service: input_datetime.set_datetime
  entity_id: input_datetime.next_cert_renewal
  timestamp: "{{as_timestamp(states('sensor.cert_expiry_timestamp_yourdomain_tld_8123'))}}"
  1. Provide a name for your automation such as “Record Active Cert Expiration”

Now we have the time when we want to renew, but we still need to automate renewal. Here are the steps necessary to do that:

  1. Find and choose “Home Assistant Core Integration: Restart”

  2. Click/tap SAVE

  3. Provide a name for your automation such as “Reload @ Active Cert Expiry”

Congratulations, your HA instance will now restart when the cert in memory expires. In the future, it may not be necessary to restart HA, as the only component that really needs restarted is the web server, but when I started working on this, there wasn’t an obvious way to restart the web server, and restarting HA was effective, so that’s what I’ve chosen to do. Also note that there is currently no “error handling” here. I didn’t bother with “error handling” because Let’s Encrypt will automatically e-mail me when my cert hasn’t been renewed (I gave it a real e-mail address and didn’t test my automations until after the e-mail came through). However, if you are concerned that you might not get such a notification, the simpler option of running the Let’s Encrypt service once a day may be a better choice for ensuring renewal does occur in the unlikely event that your HA system or Internet connection is down or the Let’s Encrypt system is malfunctioning at the time of the scheduled renewal. Even then, you could still use these same steps to schedule a restart at expiration if you wanted to. On the other hand, if you’ve made it this far and understand what you’ve achieved, you may well be able to mitigate that on your own in a number of ways. For instance, here are two theoretical options:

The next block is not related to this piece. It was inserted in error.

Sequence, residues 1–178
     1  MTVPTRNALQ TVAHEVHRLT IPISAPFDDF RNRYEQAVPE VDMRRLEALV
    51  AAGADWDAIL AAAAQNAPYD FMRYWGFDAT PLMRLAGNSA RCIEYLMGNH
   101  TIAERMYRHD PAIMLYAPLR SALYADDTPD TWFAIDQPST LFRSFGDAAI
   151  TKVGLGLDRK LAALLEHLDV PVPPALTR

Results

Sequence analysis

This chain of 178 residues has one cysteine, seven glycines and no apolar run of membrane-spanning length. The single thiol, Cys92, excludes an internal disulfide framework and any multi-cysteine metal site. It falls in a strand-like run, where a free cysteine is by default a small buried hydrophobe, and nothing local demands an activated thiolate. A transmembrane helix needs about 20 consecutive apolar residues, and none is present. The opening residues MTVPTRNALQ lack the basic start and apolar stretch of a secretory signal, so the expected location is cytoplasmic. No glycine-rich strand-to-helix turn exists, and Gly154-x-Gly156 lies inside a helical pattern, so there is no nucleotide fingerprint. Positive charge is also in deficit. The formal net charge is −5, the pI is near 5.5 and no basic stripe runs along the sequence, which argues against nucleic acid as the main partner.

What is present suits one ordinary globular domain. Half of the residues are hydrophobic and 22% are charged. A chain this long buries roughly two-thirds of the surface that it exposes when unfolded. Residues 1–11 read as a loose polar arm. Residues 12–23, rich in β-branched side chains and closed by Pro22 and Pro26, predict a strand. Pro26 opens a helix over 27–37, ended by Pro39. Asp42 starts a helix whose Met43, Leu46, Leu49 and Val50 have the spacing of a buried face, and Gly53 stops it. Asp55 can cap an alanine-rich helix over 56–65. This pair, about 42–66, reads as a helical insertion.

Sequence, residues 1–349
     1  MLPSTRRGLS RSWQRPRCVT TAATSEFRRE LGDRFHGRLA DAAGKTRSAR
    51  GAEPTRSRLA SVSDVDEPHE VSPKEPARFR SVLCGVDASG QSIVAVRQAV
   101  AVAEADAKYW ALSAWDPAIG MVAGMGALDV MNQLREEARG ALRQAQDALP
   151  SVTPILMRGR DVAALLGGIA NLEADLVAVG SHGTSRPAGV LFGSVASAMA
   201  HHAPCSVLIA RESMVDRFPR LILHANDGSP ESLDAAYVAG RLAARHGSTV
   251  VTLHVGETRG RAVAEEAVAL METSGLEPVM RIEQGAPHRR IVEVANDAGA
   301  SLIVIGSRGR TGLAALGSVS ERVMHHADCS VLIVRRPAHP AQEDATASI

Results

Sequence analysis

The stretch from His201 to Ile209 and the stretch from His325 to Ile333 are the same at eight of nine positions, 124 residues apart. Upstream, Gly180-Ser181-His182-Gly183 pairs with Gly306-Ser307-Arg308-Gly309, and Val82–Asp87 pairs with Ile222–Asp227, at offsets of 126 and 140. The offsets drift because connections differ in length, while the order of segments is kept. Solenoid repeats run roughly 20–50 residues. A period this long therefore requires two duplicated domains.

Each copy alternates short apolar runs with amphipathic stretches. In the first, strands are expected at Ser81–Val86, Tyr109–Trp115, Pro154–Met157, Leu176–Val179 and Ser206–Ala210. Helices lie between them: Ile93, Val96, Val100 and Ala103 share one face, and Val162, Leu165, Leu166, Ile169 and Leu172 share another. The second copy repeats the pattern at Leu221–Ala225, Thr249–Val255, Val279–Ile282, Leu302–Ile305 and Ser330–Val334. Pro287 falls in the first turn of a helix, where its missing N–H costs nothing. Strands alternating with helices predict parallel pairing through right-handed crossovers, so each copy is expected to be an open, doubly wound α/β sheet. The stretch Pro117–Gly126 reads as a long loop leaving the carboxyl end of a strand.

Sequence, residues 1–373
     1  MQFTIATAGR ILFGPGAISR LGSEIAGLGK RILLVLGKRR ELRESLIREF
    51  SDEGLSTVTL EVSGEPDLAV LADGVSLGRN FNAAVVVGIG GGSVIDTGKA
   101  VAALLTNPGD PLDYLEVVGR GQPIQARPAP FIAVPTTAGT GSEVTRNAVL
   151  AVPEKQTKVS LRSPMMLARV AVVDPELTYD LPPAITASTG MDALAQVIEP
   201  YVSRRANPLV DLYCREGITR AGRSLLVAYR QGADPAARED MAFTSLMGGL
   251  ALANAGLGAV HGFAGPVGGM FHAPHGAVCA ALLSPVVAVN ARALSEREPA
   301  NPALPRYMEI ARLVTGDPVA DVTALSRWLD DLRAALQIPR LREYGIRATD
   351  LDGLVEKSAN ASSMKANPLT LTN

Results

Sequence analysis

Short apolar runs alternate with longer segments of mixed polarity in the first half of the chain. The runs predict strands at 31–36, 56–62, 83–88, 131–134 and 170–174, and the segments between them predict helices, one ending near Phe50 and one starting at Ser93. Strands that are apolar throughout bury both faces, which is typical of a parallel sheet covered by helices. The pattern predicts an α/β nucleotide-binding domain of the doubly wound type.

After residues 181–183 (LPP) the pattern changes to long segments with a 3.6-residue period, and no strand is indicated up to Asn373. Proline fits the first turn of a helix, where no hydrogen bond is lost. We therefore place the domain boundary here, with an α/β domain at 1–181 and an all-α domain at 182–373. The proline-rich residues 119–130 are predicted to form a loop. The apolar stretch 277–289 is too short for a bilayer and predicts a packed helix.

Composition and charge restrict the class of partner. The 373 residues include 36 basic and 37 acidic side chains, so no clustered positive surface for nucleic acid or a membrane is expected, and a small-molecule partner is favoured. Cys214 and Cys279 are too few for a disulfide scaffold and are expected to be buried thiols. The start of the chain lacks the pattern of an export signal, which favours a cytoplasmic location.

• Add a trigger to the renewal automation against the sensor changing from unavailable and add a condition that the helper must match the current time or be in the past. This would make sure that the cert renews if HA was down when the target time passed, but it wouldn’t handle a situation where renewal failed (Internet down, Let’s Encrypt malfunction).

  • Add a notification automation that triggers a number of days before the old cert expires to give yourself time to manually reboot and verify renewal occurred.

  • Adjust the reboot schedule automation to trigger ahead of expiry so that it can work in tandem with the options above to trigger renewal again and/or allow you to check based on a notification.

I’m sure there are plenty of other possibilities, and each one of them can potentially help in other actual home automation tasks, so I’d recommend figuring out what’s right for you.


The Let’s Encrypt addon detects when the cert does not require renewal and exits success with no changes. It did not seem necessary to re-implement that logic with the expiry sensor, so I just schedule the addon to run weekly at an unobtrusive time.

I appreciate learning about the expiry sensor and find it handy to keep installed for the occasional use, even if nothing reads it automatically.

alias: Refresh Let's Encrypt Certificate
description: >-
  Start the LE addon, let it renew the certificate if necessary, wait 15
  minutes, restart HA
trigger: []
  - condition: time
    after: "03:00:00"
      - sat
    before: "03:00:00"
  - service: hassio.addon_restart
      addon: core_letsencrypt
  - delay:
      hours: 0
      minutes: 15
      seconds: 0
      milliseconds: 0
  - service: homeassistant.restart
    data: {}
mode: single

I buried that information in the first paragraph when I said:

It should be noted that you can also simply schedule an automation to start the Let’s Encrypt service daily and renewal will occur automatically once the due date is near enough (an automatic HA restart wouldn’t occur in that case).

However, thank you for bringing it to the forefront and providing the simple weekly example. Your particular example would also restart your HA instance once a week, though, correct? That’s probably fine for most users, but worth pointing out. Outside of some flukey scenario where the addon somehow ends up hanging in a running state (which should never happen in your example since you restart after you run it), is there any benefit to using addon_restart vs addon_start? I believe I read some guidance suggesting the restart option, but I used the former intentionally since the addon shouldn’t be in the running state to begin with.